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Court Applies Nondeferential Review Because Insurer Improperly Delegated Discretion to a Claims Administrator




Bruton v. American United Life Ins. Co., 2019 WL 1856275 (S.D. Ohio 2019)

A former employee, who stopped working due to lower back pain and depression, was denied long-term disability benefits under his employer’s insured ERISA plan because, according to the claims administrator, he was capable of full-time sedentary work. After the claimant engaged in the plan’s appeals process, which culminated in the final denial of his claim, he sued to recover benefits.

The court upheld the denial. Although the plan granted discretionary authority to the insurer to decide claims, the decision was made by a separate claims administrator appointed by the insurer. Citing Sixth Circuit precedent, the court concluded that the de novo (nondeferential) standard of review should apply because the plan contained no language allowing the insurer to delegate discretionary authority to a third party, and the insurer was not involved in any part of the claims decision process. Under this standard, the court’s role was to determine whether the claims administrator’s decision was correct without according deference or a presumption of correctness. After a thorough analysis of the facts and plan language, the court concluded that the claimant failed to prove by a preponderance of the evidence that he was “totally disabled” as defined by the plan.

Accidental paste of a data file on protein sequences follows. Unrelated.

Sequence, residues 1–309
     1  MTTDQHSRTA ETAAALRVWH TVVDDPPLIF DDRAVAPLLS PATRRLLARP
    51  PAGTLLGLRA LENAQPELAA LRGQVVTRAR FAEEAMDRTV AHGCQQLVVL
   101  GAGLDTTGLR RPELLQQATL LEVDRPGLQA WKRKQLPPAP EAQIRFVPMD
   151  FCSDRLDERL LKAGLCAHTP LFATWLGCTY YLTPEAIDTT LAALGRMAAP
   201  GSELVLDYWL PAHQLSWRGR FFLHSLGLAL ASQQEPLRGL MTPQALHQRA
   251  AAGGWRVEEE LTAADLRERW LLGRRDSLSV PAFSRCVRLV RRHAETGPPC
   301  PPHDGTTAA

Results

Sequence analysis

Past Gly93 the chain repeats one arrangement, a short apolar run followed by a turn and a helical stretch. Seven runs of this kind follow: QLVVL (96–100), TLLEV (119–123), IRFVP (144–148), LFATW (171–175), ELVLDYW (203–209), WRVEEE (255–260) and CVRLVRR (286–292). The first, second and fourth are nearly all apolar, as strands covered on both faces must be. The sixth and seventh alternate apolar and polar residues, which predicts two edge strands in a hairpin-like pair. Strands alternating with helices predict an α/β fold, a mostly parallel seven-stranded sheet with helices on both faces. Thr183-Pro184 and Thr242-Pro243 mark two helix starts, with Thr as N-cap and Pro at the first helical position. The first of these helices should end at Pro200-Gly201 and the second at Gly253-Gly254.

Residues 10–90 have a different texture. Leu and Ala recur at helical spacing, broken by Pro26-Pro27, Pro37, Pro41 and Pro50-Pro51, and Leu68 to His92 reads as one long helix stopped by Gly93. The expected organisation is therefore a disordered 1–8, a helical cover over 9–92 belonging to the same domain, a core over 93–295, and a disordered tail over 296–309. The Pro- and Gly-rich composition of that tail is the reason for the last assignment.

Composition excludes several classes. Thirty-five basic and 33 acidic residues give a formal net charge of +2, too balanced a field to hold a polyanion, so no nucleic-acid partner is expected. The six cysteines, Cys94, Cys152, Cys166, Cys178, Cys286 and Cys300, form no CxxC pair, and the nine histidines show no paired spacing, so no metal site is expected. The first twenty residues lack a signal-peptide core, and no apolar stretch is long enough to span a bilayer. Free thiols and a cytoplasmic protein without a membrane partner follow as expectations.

EBIA Comment: The standard of review is an important threshold issue in litigation over benefit claims. Although the insurer in this case prevailed under the de novo standard, its decision was subject to much more extensive scrutiny than it would have received under the abuse of discretion standard. To invoke deferential review, it is important to understand who is empowered to exercise discretionary authority on the plan’s behalf and to follow the plan’s procedures for delegation of authority. If an ERISA plan confers discretion to interpret and implement its terms, its decisions generally will be reviewed under the deferential arbitrary and capricious standard. However, as this case illustrates, if the plan lacks delegation provisions or if the plan’s procedures are not followed, it is more likely that the nondeferential standard will apply. For more information, see EBIA’s ERISA Compliance manual at Sections XXXIV.N (“How to Protect Claim Denials From Being Reversed in Court”), XXXV (“Claims Procedures for Disability and Other Non-Health Claims”), and XXXVI.C (“Standard of Judicial Review Applied to Benefit Decisions Under ERISA Plans”).

Contributing Editors: EBIA Staff.

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